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Wednesday, February 26, 2020

Political Comedy, Ukraine-Style

It’s time to brush up on the new hot personality in the news: Ukraine’s new president, Volodymyr Zelensky. Elected in April by a landslide, Zelensky is a comic actor who named his new party for the long-running TV series, Servant of the People. He seems well cast in the farce that has become Trump’s Last Days.

Here’s some background from The New York Review of Books:

Ukraine President Volodymyr Zelensky
Wikipedia

“Some observers have compared Zelensky to Trump. Apart from the obvious—the TV shows, the blurring of entertainment and politics, the exploitation of popular disgust at perceived government dysfunction—there are a few other common features. Trump’s famous line on The Apprentice was “You’re fired!” On Servant of the People, one of Vasyl’s first acts when he [the character played by Zelensky] takes office is to attempt to fire 90 percent of government functionaries—though he is motivated by the wish to pay the back wages owed to teachers and other more useful public employees. Trump promised to “drain the swamp” of Washington, while Zelensky’s main campaign issue was government corruption.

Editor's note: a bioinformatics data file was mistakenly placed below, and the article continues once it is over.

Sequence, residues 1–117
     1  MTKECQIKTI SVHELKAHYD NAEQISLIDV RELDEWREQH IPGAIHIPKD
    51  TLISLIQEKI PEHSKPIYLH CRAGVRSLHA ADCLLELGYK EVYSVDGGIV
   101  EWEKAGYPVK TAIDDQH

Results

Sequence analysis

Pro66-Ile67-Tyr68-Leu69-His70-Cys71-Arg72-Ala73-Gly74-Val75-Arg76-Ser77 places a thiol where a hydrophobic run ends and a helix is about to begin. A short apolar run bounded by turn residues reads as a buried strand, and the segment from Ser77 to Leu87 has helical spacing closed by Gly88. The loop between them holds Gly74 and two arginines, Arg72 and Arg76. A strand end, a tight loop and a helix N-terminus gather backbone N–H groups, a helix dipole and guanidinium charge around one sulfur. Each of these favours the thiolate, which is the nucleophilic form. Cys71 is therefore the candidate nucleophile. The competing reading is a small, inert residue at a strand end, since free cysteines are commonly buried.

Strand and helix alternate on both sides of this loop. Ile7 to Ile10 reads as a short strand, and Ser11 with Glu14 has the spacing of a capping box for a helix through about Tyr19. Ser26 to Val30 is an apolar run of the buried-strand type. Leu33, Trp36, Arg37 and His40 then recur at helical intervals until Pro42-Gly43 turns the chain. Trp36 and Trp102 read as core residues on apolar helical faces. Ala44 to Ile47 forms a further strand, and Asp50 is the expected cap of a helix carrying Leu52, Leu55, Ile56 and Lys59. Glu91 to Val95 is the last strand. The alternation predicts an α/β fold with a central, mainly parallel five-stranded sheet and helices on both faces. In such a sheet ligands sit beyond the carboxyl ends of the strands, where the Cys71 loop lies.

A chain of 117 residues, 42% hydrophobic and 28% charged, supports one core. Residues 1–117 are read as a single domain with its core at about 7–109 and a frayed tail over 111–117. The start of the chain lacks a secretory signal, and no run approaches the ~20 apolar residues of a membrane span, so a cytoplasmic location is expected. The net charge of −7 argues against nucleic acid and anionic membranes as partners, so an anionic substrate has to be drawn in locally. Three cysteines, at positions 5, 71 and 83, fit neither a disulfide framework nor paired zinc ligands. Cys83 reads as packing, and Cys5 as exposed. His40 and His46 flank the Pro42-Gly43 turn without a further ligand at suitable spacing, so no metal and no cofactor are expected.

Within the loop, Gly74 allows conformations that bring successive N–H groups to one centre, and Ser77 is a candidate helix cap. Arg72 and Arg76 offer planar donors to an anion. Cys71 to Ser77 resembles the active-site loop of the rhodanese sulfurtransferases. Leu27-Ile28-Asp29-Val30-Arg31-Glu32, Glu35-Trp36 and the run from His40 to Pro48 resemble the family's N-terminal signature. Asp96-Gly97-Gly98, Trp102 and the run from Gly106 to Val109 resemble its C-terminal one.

“Trump, however, ran on a platform of hate, fear, and aggression. Zelensky, who is charming, engaging, and just forty-one years old, ran on a platform of reconciliation. His last name derives from the word for “green,” and his impressively produced campaign videos featured two dots in the Ukrainian national colors, blue and yellow, merging to become a single green circle. Trump’s vision is of two Americas engaged in deadly battle; judging from Servant of the People and from his real-life campaign statements, Zelensky seems to imagine his ideal Ukraine as a happy family whose members accept one another’s differences and do their best to get along, behaving honorably and managing their households responsibly. National finances bear little resemblance to home economics, but Zelensky’s small-government rhetoric appealed to voters disgusted with the political status quo. In his inaugural speech, he quoted Ronald Reagan, another actor-turned-president, saying, “Government is not the solution to our problem; government is our problem.”

David Brewster
David Brewster, a founding member of Post Alley, has a long career in publishing, having founded Seattle Weekly, Sasquatch Books, and Crosscut.com. His civic ventures have been Town Hall Seattle and FolioSeattle.

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